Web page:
What is a good natural remedy for anxiety disorders?

I’ve pretty much been on and off meds my whole life since the age of six, among other things I’m diagnosed with Obsessive Compulsive Disorder and Generalized Anxiety Disorder, and more recently I’m having anxiety related symptoms of depression. I recently opted to get back on Fluoxetine, but I hate the feeling of being drugged, and I kind of feel like it doesn’t really help with my anxiety, more like masks it. Makes me feel half asleep and wide awake at the same time, and makes it difficult to concentrate. Plus I’m concerned with what long term effects it may be having on my health, particularly reproductive. Can anyone recommend any legal, relatively safe alternatives, such as a herbal remedy? I just feel like there’s got to be something better out there, instead of the expensive, addictive crap that big pharma pushes.
I’ve gotten so many great suggestions that I will be researching/trying. Thank you so much for your help!

7 comments

  • ☮Jen D☮

    Bach’s Rescue Remedy
    Calcium 2000 mg daily – a natural tranquilizer
    Magnesium 600 mg daily – relieves tension, spasms, tics
    B-1 50mg 3 times daily – has a calming effect on the nerves.
    B-6 50mg 3 times daily – important in the production of certain brain chemicals.
    Zinc- 50 mg daily – can have a calming effect
    Chromium Picolinate – 200 mcg. daily – Chromium deficiency can produce symptoms of anxiety.

  • You mention ”big pharma” .herbals are a huge business & they dont work & they make outreageous claims & are also expensive!

  • jam_please

    Chamomile calms nerves. B-12 also does this, corn products have a lot of B-12/Niacin in them.

    Sounds like your body is also sensitive to pharmaceuticals. It would be a good idea for you to see an herbalist and study alternative therapies – legal ones.

    Zoda and others like him/her have probably misused the herbals or combined them with things that cancel them out.

    I am a big supporter of natural medicines because I am also sensitive to pharmaceuticals.

    Not the same issues, but similar.

  • David

    I have a lot of the issues you do right now. I have OCD, a social anxiety disorder, severe depression, and PTSD. Right now im currently on Fluxoetine and all it does is make me feel like a zombie so i can’t express emotion. It does nothing for my anxiety or depression. What I am going to try is a herbal supplement called Kava Kava. It is supposed to help a lot with anxiety and its supposed to be similar to alcohol in effects. Give it a try.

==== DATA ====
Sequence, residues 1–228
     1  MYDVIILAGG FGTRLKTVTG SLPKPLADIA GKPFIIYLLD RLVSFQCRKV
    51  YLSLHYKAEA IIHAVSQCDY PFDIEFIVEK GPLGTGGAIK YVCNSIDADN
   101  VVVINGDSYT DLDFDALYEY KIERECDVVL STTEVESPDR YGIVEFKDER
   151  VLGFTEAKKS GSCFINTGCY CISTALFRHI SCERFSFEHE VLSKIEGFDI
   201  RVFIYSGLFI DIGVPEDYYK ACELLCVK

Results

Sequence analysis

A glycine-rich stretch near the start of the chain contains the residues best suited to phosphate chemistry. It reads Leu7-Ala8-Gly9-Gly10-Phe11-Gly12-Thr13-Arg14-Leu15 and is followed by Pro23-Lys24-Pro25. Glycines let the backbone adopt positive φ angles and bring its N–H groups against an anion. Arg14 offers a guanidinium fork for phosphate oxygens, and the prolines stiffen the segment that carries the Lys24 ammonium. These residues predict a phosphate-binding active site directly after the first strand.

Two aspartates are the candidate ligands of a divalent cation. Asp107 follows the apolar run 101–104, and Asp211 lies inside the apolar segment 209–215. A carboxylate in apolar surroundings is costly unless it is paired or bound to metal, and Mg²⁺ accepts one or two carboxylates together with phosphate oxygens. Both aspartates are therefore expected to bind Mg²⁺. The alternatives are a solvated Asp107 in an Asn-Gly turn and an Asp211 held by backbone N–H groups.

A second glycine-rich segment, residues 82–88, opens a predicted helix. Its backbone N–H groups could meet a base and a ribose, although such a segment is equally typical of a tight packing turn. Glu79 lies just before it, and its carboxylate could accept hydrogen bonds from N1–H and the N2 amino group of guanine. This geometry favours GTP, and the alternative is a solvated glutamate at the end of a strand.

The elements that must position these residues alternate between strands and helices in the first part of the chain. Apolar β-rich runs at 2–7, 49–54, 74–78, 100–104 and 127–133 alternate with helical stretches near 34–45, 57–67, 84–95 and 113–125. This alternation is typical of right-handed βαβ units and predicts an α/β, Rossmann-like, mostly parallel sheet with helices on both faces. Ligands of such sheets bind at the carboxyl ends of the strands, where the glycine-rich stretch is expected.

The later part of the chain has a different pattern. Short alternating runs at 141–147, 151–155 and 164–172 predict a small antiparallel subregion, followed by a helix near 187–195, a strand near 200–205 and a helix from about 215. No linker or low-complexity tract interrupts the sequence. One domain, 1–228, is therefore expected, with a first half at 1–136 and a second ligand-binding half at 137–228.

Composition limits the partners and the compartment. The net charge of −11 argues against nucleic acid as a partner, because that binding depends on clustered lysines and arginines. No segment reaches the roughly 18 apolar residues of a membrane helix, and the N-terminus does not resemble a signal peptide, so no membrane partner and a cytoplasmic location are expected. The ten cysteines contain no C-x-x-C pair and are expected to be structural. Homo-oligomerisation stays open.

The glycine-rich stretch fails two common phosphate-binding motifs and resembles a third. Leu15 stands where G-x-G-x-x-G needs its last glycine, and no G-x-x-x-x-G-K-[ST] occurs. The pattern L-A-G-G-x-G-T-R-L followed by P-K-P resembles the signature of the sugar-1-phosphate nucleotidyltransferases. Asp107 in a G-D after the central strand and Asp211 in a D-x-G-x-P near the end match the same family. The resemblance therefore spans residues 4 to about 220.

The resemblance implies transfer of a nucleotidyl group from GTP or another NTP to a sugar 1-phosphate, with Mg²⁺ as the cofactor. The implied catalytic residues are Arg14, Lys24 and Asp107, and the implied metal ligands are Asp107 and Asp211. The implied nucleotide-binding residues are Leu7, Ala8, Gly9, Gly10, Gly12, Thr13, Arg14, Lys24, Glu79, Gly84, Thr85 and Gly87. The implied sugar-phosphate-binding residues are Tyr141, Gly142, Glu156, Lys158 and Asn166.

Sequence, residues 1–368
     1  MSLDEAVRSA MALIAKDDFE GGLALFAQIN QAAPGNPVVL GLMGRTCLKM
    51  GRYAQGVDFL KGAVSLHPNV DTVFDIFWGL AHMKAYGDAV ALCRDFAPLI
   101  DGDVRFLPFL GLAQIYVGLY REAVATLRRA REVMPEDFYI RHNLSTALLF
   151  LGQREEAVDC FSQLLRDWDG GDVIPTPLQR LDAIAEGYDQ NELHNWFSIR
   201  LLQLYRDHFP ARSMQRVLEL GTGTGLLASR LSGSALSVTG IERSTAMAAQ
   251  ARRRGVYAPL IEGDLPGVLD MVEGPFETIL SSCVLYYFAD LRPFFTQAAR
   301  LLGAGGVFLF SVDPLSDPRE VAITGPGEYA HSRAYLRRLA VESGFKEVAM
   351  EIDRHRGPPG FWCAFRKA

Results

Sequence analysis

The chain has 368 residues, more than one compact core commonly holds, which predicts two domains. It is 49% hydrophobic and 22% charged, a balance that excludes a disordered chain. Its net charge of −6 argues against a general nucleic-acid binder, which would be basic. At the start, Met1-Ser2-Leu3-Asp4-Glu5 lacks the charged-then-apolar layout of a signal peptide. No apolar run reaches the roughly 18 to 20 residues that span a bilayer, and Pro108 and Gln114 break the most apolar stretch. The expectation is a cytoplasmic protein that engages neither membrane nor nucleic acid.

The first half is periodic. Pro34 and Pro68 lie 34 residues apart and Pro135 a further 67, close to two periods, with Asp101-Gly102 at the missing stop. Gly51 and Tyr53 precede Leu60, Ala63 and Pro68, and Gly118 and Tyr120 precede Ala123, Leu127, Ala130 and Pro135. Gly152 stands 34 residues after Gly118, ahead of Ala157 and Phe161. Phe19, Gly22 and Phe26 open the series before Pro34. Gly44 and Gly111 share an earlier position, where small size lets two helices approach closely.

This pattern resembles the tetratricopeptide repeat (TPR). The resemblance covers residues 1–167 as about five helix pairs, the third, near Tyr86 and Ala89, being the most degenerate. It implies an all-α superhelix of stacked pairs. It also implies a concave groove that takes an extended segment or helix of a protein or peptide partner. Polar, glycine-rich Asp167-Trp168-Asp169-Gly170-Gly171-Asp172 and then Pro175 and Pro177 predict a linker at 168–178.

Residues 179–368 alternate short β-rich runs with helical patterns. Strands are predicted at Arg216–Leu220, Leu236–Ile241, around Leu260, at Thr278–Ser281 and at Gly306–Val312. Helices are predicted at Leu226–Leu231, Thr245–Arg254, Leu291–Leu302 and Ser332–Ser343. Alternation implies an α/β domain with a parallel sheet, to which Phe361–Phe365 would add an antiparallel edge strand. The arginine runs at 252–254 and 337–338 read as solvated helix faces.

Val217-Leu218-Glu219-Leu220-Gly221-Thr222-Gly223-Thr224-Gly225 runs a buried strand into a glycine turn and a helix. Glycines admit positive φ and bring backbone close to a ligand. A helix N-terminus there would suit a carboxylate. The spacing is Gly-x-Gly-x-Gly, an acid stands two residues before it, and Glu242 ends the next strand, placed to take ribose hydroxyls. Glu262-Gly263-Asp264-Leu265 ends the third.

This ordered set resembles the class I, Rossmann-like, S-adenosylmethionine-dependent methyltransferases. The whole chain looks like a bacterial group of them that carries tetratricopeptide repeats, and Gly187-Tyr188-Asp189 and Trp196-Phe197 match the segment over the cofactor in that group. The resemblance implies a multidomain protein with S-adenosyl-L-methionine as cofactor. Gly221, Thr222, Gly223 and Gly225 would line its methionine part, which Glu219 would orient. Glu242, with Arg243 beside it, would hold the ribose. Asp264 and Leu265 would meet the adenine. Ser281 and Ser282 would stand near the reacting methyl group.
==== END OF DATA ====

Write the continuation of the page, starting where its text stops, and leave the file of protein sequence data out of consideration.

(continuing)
• Dietary factors

    Caffeine consumption is one of the most common causes of anxiety. People who suffer from anxiety disorders tend to be unusually sensitive to the effects of caffeine, so even small amounts may cause problems for them. Withdrawing from caffeine can be difficult, as it usually results in severe headaches, lethargy, and other symptoms. I have learned, from a small series of cases, that caffeine-withdrawal headaches can be prevented by supplementing with Siberian ginseng (Eleutherococcus senticosus) three times a day, beginning on the day of or the day before withdrawal, and continuing for a few days.

    Reactive hypoglycemia also appears to be an important cause of anxiety. (1) Hypoglycemia should be suspected in patients whose anxiety occurs or becomes worse before mealtime and is relieved by eating. Reactive hypoglycemia can be treated effectively by avoiding blood sugar-destabilizing foods (e.g., refined sugar, caffeine, and alcohol); eating small, frequent meals; and supplementing with chromium, B vitamins, magnesium, and other micro-nutrients.

    Food allergy may be a triggering factor for anxiety in some cases. (2) Allergy should be suspected if symptoms occur after eating or improve with fasting, or if a person has other manifestations of allergy, such as migraines, asthma, rhinitis, or irritable bowel syndrome. An elimination diet followed by individual food challenges can usually identify which foods are causing symptoms.

    Herbal Treatments

    Kava kava (Piper methysticum) has been shown in at least seven double-blind studies to be an effective treatment for anxiety. (6) Although kava kava was generally well tolerated in these studies, there have been rare reports of severe hepatotoxicity from the use of this herb. As a result, kava kava has been banned in some countries, although it is still available in the United States. Preliminary evidence suggests that the reported adverse effects were due to an idiosyncratic reaction, rather than to a toxic effect per se. Because there is no way at the present time to predict who might react to kava kava, people taking this herb should be alert for any early warning signs of hepatotoxicity, such as nausea, fatigue, dark urine, or right upper quadrant tenderness. Despite the rare but serious adverse reactions, kava kava appears to be better tolerated than benzodiazepines.

  • exercise.Seriously-going for at least a 35 minute walk or jog daily eases tension and anxiety.GOD-bless

  • Alex M

    melitonin helps alot because it calms you

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